Category: TFS

Using Git with Visual Studio 2013

In this post I’ll outline how to make code changes when using Git with Visual Studio. This applies regardless of where git is hosted (TFS, GitHub or elsewhere).

Git differs from other source control because of its “branch often” philosophy.  Plus the fact that you have a copy of the entire repository on your local machine!  But despite the fact that TFS tries to make the process easy, there’s still a process to follow when doing development.  Best practice dictates that instead of just checking our changes into origin/master (the “upstream repository”), we’ll want to do the following:

  1. Create a local branch
  2. Do your work and commit changes
  3. Merge changes with local master
  4. Push changes to upstream master

Note that in some cases, origin/master will NOT be our upstream repository.  For example, we might be working off a Development branch.  So make adjustments as appropriate when following this guide.

I’m going to assume that you’re already set up with your repository, either through TFS or by using the method outlined in my blog.   Let’s say you’re ready to develop.

Create a branch

  • At the TFS main menu, click on Branches
  • Click on New Branch and set the name.
  • Click on Create Branch.


You’ll see your new branch under “Unpublished Branches”.  In TFS, “unpublished” means that the branch exists only locally.  Note that the value of the branch dropdown has been changed.  You are now working on the new branch that you’ve created.


Do your work and commit changes

  • Go to the Changes view.  Your changed items will be listed.
  • Add a comment for your commit (required).
  • Click Commit.  Changes are committed locally.


Merge your changes

Once you’re done and are ready to contribute your changes to the upstream server, your Unsynced Commits tab might look something like this:


  • In the Merge tab, click on the Merge dropdown.
  • Set it up to merge the changes to your local master.
  • Click Merge.


Since this is your LOCAL master, you’re unlikely to have conflicts.  Notice that you’ve been automatically switched to the master branch.  You’re done with your old branch, and it can be deleted if appropriate.

Push your changes

Time to push your changes upstream!  From the Unsynced commits tab, do the following:

  • Click Pull to merge all changes locally.
  • Address any conflicts between our check-ins and the merged ones.
  • Retest the code as necessary.
  • Push again.

Note: The Sync button will both pull and push in a single step.  The problem with this approach is that you don’t have the opportunity to test any merged changes!

If your local repository is in sync with the upstream server, you can simply push without the pull.  But to avoid an error, simply pull first.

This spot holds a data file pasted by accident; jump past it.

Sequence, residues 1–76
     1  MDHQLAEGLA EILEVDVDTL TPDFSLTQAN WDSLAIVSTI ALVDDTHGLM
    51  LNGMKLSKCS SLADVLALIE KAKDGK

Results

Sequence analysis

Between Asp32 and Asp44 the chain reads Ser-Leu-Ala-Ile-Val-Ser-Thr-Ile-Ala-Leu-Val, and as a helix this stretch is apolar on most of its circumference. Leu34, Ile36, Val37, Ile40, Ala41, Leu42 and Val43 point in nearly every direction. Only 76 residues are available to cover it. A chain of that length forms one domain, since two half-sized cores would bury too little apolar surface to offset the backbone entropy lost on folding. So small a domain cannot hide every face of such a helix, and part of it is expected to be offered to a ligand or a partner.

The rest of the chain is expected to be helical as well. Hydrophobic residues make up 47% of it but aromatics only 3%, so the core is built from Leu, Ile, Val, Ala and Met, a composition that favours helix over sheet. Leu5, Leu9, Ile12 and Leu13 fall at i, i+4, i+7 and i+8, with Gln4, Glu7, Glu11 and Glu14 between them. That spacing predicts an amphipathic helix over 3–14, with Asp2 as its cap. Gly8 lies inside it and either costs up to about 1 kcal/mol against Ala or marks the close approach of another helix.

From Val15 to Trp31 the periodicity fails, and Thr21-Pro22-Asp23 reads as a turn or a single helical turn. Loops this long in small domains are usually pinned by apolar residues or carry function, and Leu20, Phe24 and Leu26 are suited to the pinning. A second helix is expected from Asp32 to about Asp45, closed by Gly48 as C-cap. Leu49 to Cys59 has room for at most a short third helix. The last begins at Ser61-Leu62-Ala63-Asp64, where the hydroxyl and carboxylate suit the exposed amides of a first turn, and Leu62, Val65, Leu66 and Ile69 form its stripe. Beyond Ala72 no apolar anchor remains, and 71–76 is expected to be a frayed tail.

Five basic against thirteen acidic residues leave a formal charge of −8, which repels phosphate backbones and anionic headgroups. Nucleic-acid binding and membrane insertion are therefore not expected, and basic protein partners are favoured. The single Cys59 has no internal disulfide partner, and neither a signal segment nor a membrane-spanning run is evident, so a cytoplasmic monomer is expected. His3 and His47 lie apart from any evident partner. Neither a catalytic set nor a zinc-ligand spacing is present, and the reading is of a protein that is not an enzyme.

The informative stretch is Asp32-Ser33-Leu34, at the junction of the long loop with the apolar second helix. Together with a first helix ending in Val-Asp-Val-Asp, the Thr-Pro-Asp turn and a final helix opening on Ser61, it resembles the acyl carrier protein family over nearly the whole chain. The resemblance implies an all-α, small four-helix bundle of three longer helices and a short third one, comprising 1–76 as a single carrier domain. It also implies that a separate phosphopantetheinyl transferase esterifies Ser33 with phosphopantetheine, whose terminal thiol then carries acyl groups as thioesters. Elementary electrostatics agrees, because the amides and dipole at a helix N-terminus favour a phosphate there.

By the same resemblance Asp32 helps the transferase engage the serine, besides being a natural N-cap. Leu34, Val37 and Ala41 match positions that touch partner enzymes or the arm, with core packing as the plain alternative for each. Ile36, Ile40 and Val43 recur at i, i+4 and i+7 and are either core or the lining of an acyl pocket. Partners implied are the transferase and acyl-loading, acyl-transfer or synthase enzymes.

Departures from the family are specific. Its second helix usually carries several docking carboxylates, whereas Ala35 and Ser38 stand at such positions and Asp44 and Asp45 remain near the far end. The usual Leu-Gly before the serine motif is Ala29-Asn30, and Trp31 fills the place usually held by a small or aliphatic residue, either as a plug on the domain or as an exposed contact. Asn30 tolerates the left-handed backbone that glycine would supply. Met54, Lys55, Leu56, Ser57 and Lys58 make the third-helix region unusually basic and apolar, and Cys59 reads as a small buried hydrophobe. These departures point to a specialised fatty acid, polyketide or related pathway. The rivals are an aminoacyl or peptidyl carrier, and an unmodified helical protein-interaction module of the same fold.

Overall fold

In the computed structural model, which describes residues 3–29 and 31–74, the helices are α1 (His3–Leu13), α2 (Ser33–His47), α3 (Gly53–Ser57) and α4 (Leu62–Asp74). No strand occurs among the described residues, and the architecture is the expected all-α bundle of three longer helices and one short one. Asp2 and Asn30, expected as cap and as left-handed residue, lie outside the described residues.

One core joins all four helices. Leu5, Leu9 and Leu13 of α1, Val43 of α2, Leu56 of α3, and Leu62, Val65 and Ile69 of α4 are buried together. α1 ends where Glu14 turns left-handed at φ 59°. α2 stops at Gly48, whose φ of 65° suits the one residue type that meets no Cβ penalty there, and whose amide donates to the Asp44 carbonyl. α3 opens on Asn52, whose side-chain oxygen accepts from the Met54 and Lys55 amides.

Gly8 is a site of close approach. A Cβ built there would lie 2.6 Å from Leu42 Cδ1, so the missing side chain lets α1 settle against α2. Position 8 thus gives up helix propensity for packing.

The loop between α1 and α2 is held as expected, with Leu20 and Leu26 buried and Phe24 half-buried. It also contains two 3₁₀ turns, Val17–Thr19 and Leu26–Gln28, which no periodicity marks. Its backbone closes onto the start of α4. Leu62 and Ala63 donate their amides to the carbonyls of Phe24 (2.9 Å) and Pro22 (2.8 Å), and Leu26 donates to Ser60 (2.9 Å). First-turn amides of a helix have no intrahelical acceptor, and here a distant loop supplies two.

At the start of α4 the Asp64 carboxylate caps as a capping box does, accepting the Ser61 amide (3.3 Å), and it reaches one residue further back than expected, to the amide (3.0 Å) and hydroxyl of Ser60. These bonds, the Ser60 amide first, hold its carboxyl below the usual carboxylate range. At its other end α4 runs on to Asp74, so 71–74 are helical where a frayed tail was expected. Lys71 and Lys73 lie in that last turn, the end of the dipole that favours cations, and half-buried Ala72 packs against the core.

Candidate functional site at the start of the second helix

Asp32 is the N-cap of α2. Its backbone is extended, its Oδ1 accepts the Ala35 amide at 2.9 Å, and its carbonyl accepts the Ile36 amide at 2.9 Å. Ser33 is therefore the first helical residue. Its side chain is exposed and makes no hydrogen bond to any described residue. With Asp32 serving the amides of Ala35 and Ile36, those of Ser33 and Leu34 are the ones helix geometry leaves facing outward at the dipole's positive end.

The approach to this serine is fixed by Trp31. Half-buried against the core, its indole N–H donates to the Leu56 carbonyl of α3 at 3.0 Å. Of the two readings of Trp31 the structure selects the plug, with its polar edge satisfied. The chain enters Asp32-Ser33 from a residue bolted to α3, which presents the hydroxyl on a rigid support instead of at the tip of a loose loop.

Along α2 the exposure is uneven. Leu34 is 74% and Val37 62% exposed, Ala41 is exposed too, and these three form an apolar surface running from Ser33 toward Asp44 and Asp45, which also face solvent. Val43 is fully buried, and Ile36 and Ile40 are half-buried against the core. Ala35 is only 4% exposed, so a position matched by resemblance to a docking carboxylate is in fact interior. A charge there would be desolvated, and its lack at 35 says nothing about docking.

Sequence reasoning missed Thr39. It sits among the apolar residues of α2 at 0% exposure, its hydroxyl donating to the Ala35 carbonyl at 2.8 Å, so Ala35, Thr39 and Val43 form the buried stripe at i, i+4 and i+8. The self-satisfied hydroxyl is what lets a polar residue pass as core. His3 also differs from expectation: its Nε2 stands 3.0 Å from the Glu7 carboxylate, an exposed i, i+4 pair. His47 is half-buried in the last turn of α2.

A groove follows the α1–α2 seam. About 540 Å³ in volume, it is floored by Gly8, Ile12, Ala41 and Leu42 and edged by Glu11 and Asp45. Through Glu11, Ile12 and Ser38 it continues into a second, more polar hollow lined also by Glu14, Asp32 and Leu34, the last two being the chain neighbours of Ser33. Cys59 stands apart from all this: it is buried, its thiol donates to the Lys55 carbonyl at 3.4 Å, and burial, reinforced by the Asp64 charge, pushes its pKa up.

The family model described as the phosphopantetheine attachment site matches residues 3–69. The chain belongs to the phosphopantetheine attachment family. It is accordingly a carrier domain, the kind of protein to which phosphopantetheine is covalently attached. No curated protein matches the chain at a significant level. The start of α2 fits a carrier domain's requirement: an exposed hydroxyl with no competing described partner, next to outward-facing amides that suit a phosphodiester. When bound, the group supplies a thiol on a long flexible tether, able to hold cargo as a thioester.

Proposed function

If your push was successful, you’ll get the following:


Success!  When I view the history in TFS, my merge looks like this:


Related: Getting started with Git/TFS (relates to git hosted on TFS)

Getting started with Git/TFS

I recently moved one of my projects to a TFS Git repository.  But Git did not start out as a Microsoft product, and Git is a relatively recent addition to TFS.   The TFS Visual Studio tools give us some powerful shortcuts, but some things can only be done on the command line.   Here’s how to get the best of both worlds.

Related: Using Git with Team Foundation Server and Visual Studio 2013

Install Git

If you haven’t done so, you’ll need to install Git.  This will allow you to run the command line tools, and (as an added bonus) you’ll get a BASH shell as well.  So if you ever wanted to have a Linux shell on your Windows box, now’s your chance.  IMO it’s good to know Linux, but hey, I’m not here to lecture.

  • Go to
  • There are three options in the install.  They can be a bit involved, but they’re worth reading carefully.  If you’re avoiding the BASH shell, you’ll want to choose the option to make git available in the Widows path.

Set up alternate credentials in TFS

The first thing I found was that my Microsoft Online user name and password don’t work, when attempting to authenticate against git. A bit of research revealed that I had to take an additional step.  

  • Navigate to the git url for your git repository, and log in.  In my case it was something like
  • Click on your user name -> My profile -> Credentials.   Click on the link at the bottom “Enable alternate credentials”, and create an alternate credential.
    alt creds

Clone your project

With Git, the way to get started with a project is to clone it.  Among other things, this copies the entire repository to your working directory.

  • Go back to the command line and issue the clone command:
    git clone
  • When prompted, use the alternate user name and password that you just set up.

The clone command will replicate the project on your local machine, and you’re good to go.

Most commands (including clone) can be performed directly in Dev Studio, but the command line will be there if you need it.